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Likelihood for Cardiovascular Events After ADT

Insights From: Dipti Gupta, MD, MPH, Memorial Sloan Kettering Cancer Center; Susan Slovin, MD, PhD, Memorial Sloan Kettering Cancer Center
Published: Wednesday, May 30, 2018



Transcript: 

Susan Slovin, MD, PhD: Let’s talk about the cardiovascular and metabolic side effects in more detail. How do we manage our patients with prostate cancer who are already on androgen deprivation therapy? I, as a medical oncologist, usually prefer to work with a cardiologist—or an internist or a primary care physician—to help these patients maintain their health.

Dipti Gupta, MD, MPH: Thank you, Dr. Slovin. You’ve set up the stage perfectly for me. As I introduce myself, I’m sharing this podium with an oncologist. What exactly is a cardiologist doing here today? I am part of the Cardiology Service at Memorial Sloan Kettering Cancer Center. I represent a relatively new, but rapidly growing, subspecialty discipline called cardio-oncology. As cardio-oncologists, we basically take care of patients before, during, and after their cancer therapy. One of our main goals is to help provide patients with safe effective cancer therapy in the context of cardiovascular disease. What we don’t want to do is trade cancer with heart disease, right?

So, in the context of this talk, I will focus on the primary and secondary prevention of cardiovascular disease in patients receiving androgen deprivation therapy. In the context of cardio-oncology, itself, there’s a lot more that we do. We participate and collaborate very, very closely with oncologists and other subspecialists. We monitor for early cardiotoxicity. We manage all kinds of cardiovascular toxicity, whether it be hypertension, coronary disease, or heart failure. We provide preoperative assessment for cancer surgery. We investigate suspected cardiac invasion by tumors and help design trials with cardiovascular endpoints so that we don’t realize 5, 10 years down the road that there was a toxicity signal that we were just too late to pick up.

Transcript Edited for Clarity 
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Transcript: 

Susan Slovin, MD, PhD: Let’s talk about the cardiovascular and metabolic side effects in more detail. How do we manage our patients with prostate cancer who are already on androgen deprivation therapy? I, as a medical oncologist, usually prefer to work with a cardiologist—or an internist or a primary care physician—to help these patients maintain their health.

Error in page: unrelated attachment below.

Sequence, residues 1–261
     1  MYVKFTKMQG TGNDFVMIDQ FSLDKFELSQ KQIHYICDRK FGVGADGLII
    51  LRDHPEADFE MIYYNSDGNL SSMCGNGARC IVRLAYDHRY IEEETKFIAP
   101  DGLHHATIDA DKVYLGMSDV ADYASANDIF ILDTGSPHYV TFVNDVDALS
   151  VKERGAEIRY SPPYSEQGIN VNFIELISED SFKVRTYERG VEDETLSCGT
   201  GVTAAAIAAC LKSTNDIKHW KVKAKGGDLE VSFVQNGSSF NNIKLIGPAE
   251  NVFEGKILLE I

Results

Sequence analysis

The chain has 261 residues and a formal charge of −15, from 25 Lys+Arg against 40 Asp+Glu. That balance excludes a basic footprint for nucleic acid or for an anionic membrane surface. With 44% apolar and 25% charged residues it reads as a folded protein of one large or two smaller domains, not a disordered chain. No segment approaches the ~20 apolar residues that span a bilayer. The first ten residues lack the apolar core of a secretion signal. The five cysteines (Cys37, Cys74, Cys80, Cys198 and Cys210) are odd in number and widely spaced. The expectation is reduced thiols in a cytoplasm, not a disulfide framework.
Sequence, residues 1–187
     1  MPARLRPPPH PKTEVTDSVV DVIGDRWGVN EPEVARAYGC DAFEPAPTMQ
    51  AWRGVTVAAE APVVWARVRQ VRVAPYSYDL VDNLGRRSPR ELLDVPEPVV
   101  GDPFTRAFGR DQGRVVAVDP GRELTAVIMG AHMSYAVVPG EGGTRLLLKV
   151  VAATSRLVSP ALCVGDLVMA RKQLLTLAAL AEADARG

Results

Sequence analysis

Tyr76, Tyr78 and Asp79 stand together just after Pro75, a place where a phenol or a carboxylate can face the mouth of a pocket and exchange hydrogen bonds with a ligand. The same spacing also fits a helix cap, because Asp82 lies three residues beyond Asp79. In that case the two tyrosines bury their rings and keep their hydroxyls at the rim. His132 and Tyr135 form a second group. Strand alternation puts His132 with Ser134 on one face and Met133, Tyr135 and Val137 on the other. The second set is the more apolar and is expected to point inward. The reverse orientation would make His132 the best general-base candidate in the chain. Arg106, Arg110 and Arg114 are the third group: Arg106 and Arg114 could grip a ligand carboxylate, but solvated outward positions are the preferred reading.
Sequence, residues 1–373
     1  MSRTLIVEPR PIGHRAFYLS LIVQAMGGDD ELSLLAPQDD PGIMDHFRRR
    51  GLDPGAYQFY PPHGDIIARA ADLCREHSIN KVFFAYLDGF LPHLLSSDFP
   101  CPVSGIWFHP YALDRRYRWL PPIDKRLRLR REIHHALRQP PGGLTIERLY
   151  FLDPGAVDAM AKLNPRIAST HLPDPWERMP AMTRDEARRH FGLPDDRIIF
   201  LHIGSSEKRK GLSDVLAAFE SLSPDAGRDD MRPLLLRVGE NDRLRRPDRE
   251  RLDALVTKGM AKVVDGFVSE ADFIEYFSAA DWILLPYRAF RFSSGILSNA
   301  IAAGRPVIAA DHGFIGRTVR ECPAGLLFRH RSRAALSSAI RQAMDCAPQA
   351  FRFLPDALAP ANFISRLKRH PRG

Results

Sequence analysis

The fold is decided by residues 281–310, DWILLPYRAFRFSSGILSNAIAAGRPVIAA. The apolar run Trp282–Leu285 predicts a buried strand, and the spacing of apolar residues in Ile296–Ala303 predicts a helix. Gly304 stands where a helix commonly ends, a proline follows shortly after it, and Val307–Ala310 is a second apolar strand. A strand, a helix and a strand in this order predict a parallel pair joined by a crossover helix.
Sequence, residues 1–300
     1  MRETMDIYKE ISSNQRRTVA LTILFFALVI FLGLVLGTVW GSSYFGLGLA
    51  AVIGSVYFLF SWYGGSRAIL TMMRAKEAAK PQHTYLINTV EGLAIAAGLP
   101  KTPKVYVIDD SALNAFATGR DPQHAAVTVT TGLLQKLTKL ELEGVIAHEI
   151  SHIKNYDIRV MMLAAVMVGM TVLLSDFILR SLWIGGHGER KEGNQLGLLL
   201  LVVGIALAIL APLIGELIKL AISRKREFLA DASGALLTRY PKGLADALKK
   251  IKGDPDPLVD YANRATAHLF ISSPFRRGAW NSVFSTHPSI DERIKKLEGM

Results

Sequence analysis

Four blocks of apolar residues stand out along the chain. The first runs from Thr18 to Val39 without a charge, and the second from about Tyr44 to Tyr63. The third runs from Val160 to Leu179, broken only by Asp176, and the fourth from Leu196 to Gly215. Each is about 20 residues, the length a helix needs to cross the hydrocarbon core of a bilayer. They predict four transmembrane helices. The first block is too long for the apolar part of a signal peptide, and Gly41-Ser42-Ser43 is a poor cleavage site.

Dipti Gupta, MD, MPH: Thank you, Dr. Slovin. You’ve set up the stage perfectly for me. As I introduce myself, I’m sharing this podium with an oncologist. What exactly is a cardiologist doing here today? I am part of the Cardiology Service at Memorial Sloan Kettering Cancer Center. I represent a relatively new, but rapidly growing, subspecialty discipline called cardio-oncology. As cardio-oncologists, we basically take care of patients before, during, and after their cancer therapy. One of our main goals is to help provide patients with safe effective cancer therapy in the context of cardiovascular disease. What we don’t want to do is trade cancer with heart disease, right?

So, in the context of this talk, I will focus on the primary and secondary prevention of cardiovascular disease in patients receiving androgen deprivation therapy. In the context of cardio-oncology, itself, there’s a lot more that we do. We participate and collaborate very, very closely with oncologists and other subspecialists. We monitor for early cardiotoxicity. We manage all kinds of cardiovascular toxicity, whether it be hypertension, coronary disease, or heart failure. We provide preoperative assessment for cancer surgery. We investigate suspected cardiac invasion by tumors and help design trials with cardiovascular endpoints so that we don’t realize 5, 10 years down the road that there was a toxicity signal that we were just too late to pick up.

Transcript Edited for Clarity 
View Conference Coverage
Online CME Activities
TitleExpiration DateCME Credits
35th Annual Chemotherapy Foundation Symposium: Innovative Cancer Therapy for Tomorrow® Clinical Vignette SeriesJan 31, 20192.0
Oncology Briefings™: Current Perspectives on Preventing and Managing Tumor Lysis SyndromeJun 30, 20191.0
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